I’m thinking about how easy it is for me to put things off and play catch up to them later. I realize this is sometimes necessary, but what happens when the things that get put off are the spiritual disciplines and exercises that draw us close and keep us connected to our God. You know, the One we claim “leads, guides, and directs us…” I believe that when we start playing “catch up” to our time lost that should have been spent with God, we are setting ourselves up for failure. Truly, I think in the midst of the fast paced, busy, and often interrupted lives we lead, it is a dangerous thing to lose our time alone with God. Yes, He is always with us, but our ability to “hear” him can become seriously impaired when we start to miss our time in solitude alone with Him. Henri Nouwen reminds us of the following:
“We are responsible for our own solitude. Precisely because our secular milieu offers us so few spiritual disciplines, we have to develop our own.” -Henri Nouwen
Even in the middle of our busy-ness and unplanned interruptions (are interruptions ever planned?), we can find ways to unplug from the harried pace we are on in order to reset and replug our hearts and minds back upon the person and presence of our God.
Most gracious and eternal God, in your bounty you have sent us your Holy Spirit. May he teach us to think and do what is right, so that we, who without you cannot exist, may live in loving obedience to your will. Help us to be aware when we walk away from or become distracted from your presence. We ask this as we pray the words Jesus taught us to pray.
Our Father who art in heaven, hallowed be your name. May your kingdom come and your will be done on earth as it is in heaven. Give us this day our daily bread and forgive us our trespasses as we forgive those who trespass against us. Lead us not into temptation, but deliver us from the evil one. For yours is the kingdom, the power, and the glory for ever and ever. Amen.
Grace in His Presence
“Steadfast love surrounds those who trust in the LORD. Be glad in the LORD and rejoice, O you righteous, and shout for joy all you upright in heart.” (Psalm 32:10-11)
Today was a day I spent basking in the graces of God’s Presence. In one sense there was nothing special about my day or my schedule, yet in another sense it was divinely special because of the sweet time reflecting on the marvelous, mysterious, bountiful, wonder, and grace of the God who is my Father and my Friend.
Prayerful recollection of the most recent years of my Jesus Journey were stirred today as I counted the many things I am thankful for and identified encounters and experiences that have enriched my soul and my humanity in general. It never ceases to amaze me how intricately involved God is in every area of our lives. I know He is near and I know His Spirit dwells within us and this awareness makes me hunger and strive to become even more aware and attentive to every “breath” of God in my life.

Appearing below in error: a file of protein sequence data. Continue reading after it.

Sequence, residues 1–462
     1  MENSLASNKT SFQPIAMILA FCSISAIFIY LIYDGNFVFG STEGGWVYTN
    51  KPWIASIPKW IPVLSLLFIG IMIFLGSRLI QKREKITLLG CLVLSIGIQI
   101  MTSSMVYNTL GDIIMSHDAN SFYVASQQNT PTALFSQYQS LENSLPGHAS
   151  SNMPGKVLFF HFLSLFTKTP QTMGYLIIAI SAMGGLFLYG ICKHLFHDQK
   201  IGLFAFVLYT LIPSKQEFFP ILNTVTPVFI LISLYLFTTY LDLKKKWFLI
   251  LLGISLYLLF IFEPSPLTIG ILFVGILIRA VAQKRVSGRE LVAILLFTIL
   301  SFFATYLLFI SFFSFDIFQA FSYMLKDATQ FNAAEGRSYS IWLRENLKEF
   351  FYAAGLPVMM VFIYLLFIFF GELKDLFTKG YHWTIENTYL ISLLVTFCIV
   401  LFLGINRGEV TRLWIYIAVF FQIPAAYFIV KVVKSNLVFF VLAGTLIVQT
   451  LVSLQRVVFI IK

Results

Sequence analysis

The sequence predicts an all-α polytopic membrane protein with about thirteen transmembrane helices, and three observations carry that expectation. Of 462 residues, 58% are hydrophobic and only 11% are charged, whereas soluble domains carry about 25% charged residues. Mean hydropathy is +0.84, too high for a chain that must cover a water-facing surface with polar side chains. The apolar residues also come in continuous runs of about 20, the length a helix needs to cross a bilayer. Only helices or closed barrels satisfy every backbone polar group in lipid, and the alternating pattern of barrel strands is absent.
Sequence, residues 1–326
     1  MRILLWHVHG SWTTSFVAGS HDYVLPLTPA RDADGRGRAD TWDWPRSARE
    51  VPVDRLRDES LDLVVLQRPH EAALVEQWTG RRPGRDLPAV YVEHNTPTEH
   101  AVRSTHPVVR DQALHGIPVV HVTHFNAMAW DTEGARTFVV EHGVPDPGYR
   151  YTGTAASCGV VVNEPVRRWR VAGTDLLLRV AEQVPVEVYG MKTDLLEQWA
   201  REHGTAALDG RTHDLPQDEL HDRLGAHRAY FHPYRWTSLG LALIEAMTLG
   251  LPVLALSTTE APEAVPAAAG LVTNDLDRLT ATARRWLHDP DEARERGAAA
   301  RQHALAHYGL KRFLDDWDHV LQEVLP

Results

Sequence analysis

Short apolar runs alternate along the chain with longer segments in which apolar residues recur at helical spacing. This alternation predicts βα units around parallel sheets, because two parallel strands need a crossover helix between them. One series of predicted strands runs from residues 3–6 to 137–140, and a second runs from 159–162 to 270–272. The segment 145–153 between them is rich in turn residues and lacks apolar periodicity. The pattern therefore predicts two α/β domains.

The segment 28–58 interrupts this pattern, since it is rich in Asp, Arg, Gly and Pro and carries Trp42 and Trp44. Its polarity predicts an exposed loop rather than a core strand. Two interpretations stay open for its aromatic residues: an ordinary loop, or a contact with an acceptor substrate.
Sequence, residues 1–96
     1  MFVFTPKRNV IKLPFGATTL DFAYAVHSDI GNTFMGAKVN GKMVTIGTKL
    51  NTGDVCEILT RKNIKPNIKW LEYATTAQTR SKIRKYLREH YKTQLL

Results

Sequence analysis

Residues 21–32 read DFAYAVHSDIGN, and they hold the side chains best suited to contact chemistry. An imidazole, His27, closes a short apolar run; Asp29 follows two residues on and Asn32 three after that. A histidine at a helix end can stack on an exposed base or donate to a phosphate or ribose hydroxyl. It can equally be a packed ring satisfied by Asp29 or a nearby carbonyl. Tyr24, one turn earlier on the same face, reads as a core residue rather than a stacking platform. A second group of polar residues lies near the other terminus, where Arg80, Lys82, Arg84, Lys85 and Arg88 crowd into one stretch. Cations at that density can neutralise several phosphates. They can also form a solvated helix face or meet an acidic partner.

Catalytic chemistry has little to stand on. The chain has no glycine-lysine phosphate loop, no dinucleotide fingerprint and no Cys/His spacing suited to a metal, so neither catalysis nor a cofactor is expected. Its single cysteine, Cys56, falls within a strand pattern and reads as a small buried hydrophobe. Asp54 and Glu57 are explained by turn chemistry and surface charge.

I am just incredibly grateful and overwhelmed with adoration for this omnipotent and transcendent God who cares so much to be imminent and intimate with me. Mind boggling it is.
A Prayer (from Henri Nouwen)
Dear Lord, show me your kindness and your gentleness, you who are meek and humble of heart. So often I say to myself, “The Lord loves me,” but very often this truth does not enter into the center of my heart. Let these weeks become an opportunity for me to let go of all my resistance to you love and an occasion for you to call me closer to you
Putting Jesus in the Friend Zone
Readings: Exodus 12:30—27:21
As I continue reading through the Bible and the Book of Exodus, a picture has emerged in my mind as I reflect and consider the passages I’ve read in parallel with life and culture. I would caution about reading too much into my metaphor of “Friend Zone,” but it seems an accurate assessment if not taken too literally. #enddisclaimer
One theme I know is true, but never seem to remember how boldly it is proclaimed is God’s call for purity, fidelity, focus, and detail with the scope of relationship between God and man. God establishes laws, boundaries, and instructions for every aspect of living in community with Him and even extends the same measure of detail for living and relationships for the community itself. Essentially, after freeing the covenant peoples of Israel, God defines the relationship; He dictates the conditions to Moses and Moses reads them aloud in painstaking detail to the people.
“Then he took the book of the covenant, and read it in the hearing of the people: and they said, ‘All that the LORD as spoken we will do, and we will be obedient.’”(Exodus 24:7)